Neighborhood Analysis: South Side Flats
"Toward an Urban Design Manifesto", written by Allan Jacobs and Donald Appleyard, was their response to the direction they felt the field of urban planning was headed due to the practices of the Charter of Athens developed by the Congress of Modern Architecture (CIAM). The article outlines the concern to update urban planning methods to alleviate current problems in urban environments. Jacobs and Appleyard identify eight urban problems as well as propose seven goals for urban life. Most importantly, they describe five characteristics that must be present, as prerequisites for a sound urban environment (Jacobs et al. 2011).
The South Side Flats is a neighborhood of the city of Pittsburgh in Pennsylvania. Developed by a mostly Eastern Europe immigrant, working class in the late 1800's, the residents worked in the steel mill located in the community as well as other surrounding factories. Remnants of the original architecture and urban life can been seen in the still existing architectural styles of the houses and churches as well as the factories that have become office buildings, bars, and condominiums through adaptive reuse. Using Jacobs and Appleyard's five physical characteristics, I will determine if the South Side Flats demonstrates the qualities for a sound urban environment.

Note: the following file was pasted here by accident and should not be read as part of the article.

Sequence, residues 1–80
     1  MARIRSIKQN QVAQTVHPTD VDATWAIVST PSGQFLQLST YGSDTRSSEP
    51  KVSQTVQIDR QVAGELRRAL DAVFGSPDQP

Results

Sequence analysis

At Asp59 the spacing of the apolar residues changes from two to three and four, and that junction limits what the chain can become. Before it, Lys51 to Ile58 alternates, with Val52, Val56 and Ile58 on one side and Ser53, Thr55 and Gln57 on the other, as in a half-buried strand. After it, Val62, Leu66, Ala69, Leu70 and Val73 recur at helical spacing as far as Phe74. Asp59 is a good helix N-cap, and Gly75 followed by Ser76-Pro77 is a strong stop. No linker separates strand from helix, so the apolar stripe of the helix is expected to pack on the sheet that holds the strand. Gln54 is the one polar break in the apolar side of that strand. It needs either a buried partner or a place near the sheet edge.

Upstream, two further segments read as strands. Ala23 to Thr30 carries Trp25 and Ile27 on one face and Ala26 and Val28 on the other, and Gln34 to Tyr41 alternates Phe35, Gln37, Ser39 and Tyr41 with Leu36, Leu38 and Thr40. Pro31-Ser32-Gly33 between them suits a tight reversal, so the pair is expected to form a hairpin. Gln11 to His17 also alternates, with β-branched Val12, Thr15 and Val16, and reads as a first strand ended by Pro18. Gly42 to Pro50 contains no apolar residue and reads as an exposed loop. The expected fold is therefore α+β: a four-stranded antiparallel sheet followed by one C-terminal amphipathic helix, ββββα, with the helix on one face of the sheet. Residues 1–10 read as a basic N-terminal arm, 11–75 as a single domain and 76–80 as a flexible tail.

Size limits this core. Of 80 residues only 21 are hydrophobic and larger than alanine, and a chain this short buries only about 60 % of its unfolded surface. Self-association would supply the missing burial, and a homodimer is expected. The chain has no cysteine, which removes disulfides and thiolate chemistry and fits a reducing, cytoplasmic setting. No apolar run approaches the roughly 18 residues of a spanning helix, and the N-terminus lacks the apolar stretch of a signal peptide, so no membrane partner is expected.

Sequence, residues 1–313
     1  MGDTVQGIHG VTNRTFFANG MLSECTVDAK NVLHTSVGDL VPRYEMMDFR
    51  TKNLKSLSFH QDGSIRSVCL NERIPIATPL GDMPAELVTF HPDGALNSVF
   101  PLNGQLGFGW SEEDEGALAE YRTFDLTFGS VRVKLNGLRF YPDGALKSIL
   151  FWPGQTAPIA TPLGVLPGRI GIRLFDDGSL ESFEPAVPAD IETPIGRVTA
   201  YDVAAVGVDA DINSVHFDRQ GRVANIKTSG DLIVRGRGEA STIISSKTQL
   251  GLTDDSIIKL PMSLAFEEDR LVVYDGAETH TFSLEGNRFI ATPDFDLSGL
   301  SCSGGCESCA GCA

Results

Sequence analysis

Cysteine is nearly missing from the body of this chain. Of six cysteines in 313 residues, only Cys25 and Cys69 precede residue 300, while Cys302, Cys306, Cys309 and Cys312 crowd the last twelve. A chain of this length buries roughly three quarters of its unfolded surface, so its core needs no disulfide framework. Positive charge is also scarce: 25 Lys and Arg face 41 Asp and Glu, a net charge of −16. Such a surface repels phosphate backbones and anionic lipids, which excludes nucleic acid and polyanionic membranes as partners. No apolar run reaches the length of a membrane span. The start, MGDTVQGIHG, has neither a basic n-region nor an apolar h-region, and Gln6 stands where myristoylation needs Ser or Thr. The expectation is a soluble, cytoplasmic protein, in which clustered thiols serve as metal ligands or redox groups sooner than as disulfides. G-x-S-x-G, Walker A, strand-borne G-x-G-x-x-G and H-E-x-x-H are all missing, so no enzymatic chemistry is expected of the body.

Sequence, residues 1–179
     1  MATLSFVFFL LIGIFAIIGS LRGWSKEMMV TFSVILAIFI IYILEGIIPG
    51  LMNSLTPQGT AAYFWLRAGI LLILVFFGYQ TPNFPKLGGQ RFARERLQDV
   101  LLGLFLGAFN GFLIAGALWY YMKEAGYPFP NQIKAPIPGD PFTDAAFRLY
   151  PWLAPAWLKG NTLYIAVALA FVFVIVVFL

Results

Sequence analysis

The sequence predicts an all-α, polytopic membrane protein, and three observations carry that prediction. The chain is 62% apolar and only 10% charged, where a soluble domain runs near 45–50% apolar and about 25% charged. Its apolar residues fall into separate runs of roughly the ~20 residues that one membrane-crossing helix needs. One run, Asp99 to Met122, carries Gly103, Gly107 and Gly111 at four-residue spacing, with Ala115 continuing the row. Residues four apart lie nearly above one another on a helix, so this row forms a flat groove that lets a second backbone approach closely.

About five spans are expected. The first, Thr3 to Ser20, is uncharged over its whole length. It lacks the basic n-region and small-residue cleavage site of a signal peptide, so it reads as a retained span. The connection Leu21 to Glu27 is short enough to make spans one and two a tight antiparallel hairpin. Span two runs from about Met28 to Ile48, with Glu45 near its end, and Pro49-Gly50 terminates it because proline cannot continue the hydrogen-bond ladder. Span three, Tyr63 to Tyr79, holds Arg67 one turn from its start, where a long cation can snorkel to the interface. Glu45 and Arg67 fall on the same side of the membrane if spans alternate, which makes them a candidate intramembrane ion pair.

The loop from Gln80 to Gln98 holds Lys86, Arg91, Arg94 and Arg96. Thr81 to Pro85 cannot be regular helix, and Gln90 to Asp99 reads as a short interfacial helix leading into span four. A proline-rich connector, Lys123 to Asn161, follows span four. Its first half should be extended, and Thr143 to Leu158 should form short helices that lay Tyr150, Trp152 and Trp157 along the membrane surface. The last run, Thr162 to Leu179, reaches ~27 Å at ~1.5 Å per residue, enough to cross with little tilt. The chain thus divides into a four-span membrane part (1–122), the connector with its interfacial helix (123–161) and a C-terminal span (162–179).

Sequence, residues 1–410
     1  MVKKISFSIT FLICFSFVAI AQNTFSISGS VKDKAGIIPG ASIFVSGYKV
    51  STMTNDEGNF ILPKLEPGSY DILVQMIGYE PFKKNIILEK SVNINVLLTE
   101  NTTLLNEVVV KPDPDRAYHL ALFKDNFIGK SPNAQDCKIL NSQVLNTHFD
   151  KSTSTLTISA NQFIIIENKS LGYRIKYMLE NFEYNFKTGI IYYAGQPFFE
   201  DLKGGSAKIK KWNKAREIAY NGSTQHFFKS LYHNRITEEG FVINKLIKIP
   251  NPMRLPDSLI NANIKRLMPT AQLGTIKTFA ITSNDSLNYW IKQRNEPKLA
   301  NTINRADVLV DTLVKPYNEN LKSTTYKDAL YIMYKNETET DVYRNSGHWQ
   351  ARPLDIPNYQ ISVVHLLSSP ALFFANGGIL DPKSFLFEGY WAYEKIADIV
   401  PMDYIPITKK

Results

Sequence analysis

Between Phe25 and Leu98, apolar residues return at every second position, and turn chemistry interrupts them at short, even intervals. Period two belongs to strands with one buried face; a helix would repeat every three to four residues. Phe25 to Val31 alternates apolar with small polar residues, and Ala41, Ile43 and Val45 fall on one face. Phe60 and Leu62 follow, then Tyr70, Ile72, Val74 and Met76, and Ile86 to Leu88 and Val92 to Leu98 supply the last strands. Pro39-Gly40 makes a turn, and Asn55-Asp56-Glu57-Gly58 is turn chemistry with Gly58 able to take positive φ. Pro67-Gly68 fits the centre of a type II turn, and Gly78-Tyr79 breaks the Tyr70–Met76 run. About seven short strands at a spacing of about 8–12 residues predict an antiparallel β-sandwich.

The five characteristics Jacobs and Appleyard emphasize that must be present in a sound urban environment are: livable streets and neighborhoods, a minimal density of residential developments and intensity land use, integration of activities that leads to reasonable proximity to each other, buildings that define public space, and many, many separate, distinct buildings with complex arrangements and relationships. Throughout the article, Jacobs and Appleyard stress that these five qualities are not exhaustive and not the only description of a city. They state they simply believe these five qualities are essential to building toward the set...
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